Most leaders would profess to have a desire for their organizations to become more sustainable—and many have already made efforts in that direction. But admittedly, those good intentions don’t always live up to expectations, whether it’s because of ill-defined objectives, underdeveloped strategies, or the absence of ways to measure those strategies’ actual effectiveness. In fact, according to one survey, of the companies that reported having a corporate sustainability plan with an important 2020 milestone, only 45% said they had achieved a great deal of success in reaching their goals.
So what types of sustainability strategies are working? Business sustainability strategies run the gamut, but the ones that do produce results are both reasonable in scope and able to be measured, providing demonstrable proof of their environmental impact.
Below are four business sustainability strategies that align with the Leadership in Energy & Environmental Design (LEED) checklist for building operations and maintenance, which focuses on performance-oriented sustainable strategies and outcomes. Regardless of your industry or operations, these strategies are well within reach—and because they all rely on Internet of Things (IoT) systems to monitor, measure, and analyze building data, your progress can easily be measured and benchmarked for continuous improvement over time.
Looking for a partner who can help you implement and measure your business sustainability strategies? Schedule a call with Iota today.
Four Business Sustainability Strategies (For Companies Serious About Making An Impact)
1. Implement an indoor air quality (IAQ) management program.
LEED places emphasis on indoor environmental quality because poor air quality negatively impacts occupant health and safety. According to the EPA, poor indoor air quality affects 33% to 50% of commercial buildings in the U.S., sometimes causing “sick building” syndrome, which causes a wide variety of symptoms. Sick building syndrome could be caused by inadequate ventilation (the introduction and distribution of clean air); biological contaminants such as molds and bacteria; or chemical contaminants like volatile organic compounds or formaldehyde.
To create a healthy and comfortable indoor environment, building managers should implement an indoor air quality management program that both controls contaminants and ensures adequate ventilation. The foundation of a good IAQ program is an Internet of Things (IoT) platform that monitors the air continuously to detect the presence of common pollutants and helps maintain the appropriate volume of fresh air. It also provides actionable data you can use to address existing issues and document your improvement over time.
Read more about how to implement an indoor air quality management program.
2. Practice responsible water use.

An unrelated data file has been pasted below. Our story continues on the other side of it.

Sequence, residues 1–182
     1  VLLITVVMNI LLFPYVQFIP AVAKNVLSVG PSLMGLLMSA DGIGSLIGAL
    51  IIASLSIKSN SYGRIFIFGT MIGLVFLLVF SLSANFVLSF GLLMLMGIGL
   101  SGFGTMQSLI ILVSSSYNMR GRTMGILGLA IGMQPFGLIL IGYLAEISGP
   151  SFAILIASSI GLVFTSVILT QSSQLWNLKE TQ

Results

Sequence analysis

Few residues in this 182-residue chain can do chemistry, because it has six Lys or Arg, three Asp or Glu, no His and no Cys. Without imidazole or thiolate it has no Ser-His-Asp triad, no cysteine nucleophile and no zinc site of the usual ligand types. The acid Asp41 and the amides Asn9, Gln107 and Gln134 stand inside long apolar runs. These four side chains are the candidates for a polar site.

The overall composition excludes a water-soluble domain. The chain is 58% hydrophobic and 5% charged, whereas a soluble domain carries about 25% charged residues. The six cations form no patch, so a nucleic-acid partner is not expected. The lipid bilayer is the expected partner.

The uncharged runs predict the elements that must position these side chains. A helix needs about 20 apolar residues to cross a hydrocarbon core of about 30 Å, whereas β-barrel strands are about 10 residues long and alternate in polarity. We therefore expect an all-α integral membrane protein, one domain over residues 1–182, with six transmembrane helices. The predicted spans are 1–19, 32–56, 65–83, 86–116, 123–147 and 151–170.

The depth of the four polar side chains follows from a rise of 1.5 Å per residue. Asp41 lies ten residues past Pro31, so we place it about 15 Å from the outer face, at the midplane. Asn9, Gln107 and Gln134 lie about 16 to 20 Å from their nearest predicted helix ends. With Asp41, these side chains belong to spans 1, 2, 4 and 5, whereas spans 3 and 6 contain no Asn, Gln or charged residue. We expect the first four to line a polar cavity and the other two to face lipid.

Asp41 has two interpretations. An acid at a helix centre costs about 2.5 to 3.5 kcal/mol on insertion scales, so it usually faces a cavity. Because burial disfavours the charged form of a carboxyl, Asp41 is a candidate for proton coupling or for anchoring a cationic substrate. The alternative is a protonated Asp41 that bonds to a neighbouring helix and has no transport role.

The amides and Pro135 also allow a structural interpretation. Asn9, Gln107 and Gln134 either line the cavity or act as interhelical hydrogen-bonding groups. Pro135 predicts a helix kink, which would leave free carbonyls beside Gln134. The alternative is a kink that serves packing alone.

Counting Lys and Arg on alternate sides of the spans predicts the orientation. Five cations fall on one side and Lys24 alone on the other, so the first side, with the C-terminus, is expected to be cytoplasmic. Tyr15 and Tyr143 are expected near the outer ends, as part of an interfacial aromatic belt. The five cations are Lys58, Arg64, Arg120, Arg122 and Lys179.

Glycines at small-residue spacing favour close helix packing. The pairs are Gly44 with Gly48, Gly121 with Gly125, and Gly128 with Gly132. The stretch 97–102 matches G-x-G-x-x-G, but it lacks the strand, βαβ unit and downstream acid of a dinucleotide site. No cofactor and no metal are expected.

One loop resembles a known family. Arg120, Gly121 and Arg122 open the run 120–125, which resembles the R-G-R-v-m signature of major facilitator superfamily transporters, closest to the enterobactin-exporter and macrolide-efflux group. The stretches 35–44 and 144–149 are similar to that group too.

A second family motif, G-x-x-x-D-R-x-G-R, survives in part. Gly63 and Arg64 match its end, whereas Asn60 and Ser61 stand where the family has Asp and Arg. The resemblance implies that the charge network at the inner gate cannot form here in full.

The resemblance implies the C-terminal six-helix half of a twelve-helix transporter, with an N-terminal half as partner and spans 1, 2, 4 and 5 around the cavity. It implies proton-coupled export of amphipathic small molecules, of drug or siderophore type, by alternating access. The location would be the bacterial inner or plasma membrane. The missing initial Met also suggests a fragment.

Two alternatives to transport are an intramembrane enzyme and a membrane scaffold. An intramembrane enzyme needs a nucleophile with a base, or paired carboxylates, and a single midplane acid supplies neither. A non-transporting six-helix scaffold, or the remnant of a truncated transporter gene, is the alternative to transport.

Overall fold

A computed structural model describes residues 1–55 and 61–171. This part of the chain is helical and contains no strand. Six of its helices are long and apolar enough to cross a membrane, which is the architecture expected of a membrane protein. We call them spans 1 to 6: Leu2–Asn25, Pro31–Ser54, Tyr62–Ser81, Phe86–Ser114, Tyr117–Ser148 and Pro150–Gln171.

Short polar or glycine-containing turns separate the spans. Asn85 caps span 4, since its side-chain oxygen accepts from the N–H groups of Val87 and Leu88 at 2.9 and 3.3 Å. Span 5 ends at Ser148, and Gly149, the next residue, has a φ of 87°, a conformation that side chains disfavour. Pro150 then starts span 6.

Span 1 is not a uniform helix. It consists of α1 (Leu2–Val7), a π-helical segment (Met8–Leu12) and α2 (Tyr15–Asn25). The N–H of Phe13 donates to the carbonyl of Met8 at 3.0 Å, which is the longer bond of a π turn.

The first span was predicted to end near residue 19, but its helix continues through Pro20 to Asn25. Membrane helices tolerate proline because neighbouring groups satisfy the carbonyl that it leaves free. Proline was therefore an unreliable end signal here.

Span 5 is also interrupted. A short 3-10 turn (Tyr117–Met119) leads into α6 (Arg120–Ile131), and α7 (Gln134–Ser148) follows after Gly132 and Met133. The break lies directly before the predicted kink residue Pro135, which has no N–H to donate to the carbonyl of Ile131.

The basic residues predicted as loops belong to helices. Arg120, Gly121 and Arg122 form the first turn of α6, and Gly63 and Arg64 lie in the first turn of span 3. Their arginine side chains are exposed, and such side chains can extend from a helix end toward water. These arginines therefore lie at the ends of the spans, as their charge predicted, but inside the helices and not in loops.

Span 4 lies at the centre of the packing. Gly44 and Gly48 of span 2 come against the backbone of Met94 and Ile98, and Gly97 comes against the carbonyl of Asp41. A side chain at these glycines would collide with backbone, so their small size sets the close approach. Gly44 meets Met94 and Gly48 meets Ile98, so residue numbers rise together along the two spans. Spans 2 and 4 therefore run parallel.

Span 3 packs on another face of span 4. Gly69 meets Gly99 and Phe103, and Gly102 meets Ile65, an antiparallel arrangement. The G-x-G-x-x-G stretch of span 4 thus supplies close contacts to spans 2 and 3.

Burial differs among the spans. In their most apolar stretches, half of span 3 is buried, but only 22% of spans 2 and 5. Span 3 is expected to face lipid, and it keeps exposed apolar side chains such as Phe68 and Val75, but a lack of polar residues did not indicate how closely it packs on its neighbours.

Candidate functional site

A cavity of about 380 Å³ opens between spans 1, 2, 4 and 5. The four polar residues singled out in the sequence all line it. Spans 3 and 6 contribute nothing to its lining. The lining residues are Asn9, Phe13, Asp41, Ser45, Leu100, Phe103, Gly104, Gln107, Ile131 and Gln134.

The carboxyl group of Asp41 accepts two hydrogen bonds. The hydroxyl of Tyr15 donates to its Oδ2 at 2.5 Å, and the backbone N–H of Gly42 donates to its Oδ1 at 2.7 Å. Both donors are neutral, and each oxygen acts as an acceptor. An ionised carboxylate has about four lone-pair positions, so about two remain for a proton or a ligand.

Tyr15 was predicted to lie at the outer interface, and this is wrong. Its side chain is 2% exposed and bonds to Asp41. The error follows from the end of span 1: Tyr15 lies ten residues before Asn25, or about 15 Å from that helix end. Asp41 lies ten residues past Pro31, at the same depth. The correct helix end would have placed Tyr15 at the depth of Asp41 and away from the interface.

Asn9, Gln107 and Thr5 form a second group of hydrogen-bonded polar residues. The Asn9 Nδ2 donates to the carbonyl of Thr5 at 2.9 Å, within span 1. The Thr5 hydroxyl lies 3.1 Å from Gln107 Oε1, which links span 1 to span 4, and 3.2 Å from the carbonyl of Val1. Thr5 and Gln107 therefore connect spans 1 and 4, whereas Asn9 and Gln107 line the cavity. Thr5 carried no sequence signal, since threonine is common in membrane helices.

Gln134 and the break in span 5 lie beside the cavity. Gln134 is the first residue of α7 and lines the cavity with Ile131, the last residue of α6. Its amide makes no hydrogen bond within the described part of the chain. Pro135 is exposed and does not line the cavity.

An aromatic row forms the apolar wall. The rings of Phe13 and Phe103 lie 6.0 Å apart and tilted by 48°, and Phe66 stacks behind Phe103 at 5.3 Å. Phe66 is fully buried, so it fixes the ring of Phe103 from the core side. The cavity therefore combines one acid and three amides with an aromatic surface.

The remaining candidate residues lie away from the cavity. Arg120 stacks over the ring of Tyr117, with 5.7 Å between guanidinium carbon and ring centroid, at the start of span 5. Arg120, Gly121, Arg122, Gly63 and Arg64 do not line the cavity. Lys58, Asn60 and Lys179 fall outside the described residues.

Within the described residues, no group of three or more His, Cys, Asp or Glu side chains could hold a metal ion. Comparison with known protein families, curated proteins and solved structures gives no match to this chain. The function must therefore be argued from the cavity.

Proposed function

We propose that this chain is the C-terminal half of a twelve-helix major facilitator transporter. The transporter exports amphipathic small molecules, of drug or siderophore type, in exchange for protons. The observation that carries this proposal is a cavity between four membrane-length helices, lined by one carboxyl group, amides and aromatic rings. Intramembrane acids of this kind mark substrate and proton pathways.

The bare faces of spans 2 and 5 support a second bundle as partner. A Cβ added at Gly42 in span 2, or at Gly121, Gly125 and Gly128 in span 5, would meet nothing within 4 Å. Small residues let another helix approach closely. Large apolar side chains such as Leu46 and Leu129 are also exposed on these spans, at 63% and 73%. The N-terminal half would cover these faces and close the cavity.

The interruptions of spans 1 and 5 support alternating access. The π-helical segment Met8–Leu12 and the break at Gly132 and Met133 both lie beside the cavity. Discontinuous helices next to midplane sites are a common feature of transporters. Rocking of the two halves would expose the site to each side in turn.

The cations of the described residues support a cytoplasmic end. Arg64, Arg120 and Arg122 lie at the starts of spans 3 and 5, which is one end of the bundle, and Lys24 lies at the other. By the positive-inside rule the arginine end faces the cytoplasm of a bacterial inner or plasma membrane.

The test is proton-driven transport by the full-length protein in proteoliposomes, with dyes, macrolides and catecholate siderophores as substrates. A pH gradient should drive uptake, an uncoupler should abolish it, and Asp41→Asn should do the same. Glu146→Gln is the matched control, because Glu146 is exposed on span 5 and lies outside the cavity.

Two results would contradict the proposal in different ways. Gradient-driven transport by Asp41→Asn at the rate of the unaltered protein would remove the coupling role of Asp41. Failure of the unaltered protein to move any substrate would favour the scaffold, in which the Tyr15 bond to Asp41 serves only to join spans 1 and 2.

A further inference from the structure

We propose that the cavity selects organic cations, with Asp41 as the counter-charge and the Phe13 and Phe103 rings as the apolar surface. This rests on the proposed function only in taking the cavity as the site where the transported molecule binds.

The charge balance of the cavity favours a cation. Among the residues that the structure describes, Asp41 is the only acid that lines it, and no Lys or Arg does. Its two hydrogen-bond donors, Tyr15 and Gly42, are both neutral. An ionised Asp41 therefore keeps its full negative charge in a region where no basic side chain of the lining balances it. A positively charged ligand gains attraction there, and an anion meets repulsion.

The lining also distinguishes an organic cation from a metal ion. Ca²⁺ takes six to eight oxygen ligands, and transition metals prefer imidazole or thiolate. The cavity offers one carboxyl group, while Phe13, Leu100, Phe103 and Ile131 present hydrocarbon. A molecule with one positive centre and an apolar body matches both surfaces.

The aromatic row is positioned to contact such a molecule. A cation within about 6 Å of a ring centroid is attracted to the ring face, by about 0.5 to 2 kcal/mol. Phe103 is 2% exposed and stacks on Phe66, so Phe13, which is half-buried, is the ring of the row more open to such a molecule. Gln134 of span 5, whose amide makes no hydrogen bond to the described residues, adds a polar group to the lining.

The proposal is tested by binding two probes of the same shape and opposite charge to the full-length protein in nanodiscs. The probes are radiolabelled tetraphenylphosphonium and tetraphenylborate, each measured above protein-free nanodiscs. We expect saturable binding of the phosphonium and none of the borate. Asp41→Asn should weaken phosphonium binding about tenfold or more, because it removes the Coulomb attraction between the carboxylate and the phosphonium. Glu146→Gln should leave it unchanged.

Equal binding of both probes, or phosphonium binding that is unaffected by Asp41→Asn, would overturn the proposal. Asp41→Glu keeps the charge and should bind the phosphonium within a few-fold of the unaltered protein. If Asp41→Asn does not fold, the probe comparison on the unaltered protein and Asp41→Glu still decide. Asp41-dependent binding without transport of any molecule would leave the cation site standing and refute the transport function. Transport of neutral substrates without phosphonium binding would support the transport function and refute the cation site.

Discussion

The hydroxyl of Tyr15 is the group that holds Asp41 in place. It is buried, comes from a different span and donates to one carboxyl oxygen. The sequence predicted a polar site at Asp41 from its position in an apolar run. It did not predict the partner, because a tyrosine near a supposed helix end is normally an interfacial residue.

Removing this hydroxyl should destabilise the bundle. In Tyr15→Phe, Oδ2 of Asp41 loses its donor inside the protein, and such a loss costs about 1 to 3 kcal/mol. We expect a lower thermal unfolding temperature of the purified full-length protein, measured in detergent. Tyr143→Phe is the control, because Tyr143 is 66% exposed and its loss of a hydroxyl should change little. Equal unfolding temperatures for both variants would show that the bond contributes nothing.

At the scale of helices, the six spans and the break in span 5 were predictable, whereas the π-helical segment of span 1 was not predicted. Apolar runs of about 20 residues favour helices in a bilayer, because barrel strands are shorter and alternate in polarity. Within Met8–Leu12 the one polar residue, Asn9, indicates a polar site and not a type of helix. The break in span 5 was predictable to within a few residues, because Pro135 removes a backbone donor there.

Water is a limited resource and a primary component of everyday usage within most facilities, which is why all companies should be striving to use it more responsibly. In the U.S., the average 100,000-square foot building consumes more than 2 million gallons of water per year, and pipe leakage is responsible for a significant amount of water loss in industrial/commercial facilities. Knowing how much water your own facility uses on a daily, weekly, and yearly basis is the first step to reducing your consumption; you also need a fail-safe approach to detecting inadvertent water waste.In the U.S., the average 100,000-square foot building consumes more than 2 million gallons of water per year, and pipe leakage is responsible for a significant amount of water loss in industrial/commercial facilities. Click To Tweet
Using IoT sensors for near real-time water monitoring is a strategy that has the potential to reduce water use by up to 15%. Knowing the timing and volume of water usage will help identify where you’re using water and ways to reduce consumption. Sensors are also capable of detecting leakages that might otherwise go unnoticed.
Read more about IoT water quality monitoring systems.
3. Reduce your energy consumption.
The emission of CO2 and other compounds resulting from the burning of fossil fuels is the major factor contributing to climate change; reducing your energy footprint translates into improved atmospheric conditions. Therefore, most businesses that are serious about sustainability have energy efficiency as a major part of their corporate sustainability plan.
No two buildings use energy the same way, which is why this business sustainability strategy is only effective if it is built on your specific facility’s energy footprint. Using the IoT, you can gather data about the ways energy is used in your building (see the chart below), giving you an in-depth understanding of your energy consumption. From there, you can identify areas of waste and inefficiency, and direct your efforts in developing energy efficiency strategies that will have the most impact.
Read more about strategies for reducing energy consumption.
4. Take advantage of renewable energy technologies.
As LEED notes, finding ways to reduce your energy consumption and investing in smart technology are good places to start when it comes to reducing greenhouse gas emissions, but there will always be a need to purchase or create energy for commercial buildings. Using renewable energy represents a way to diversify your energy supply.
Many corporations aiming to become more sustainable are increasing their reliance on renewable resources like solar power. To gain access to solar power, look for an “energy as a service” partner who can help you build, finance, and operate a local solar power plant. In addition, solar power monitoring devices monitor and optimize temperature, lighting, and energy consumption, producing a wealth of data you can use to improve your building’s overall performance.
Read more about IoT-based solar power for businesses.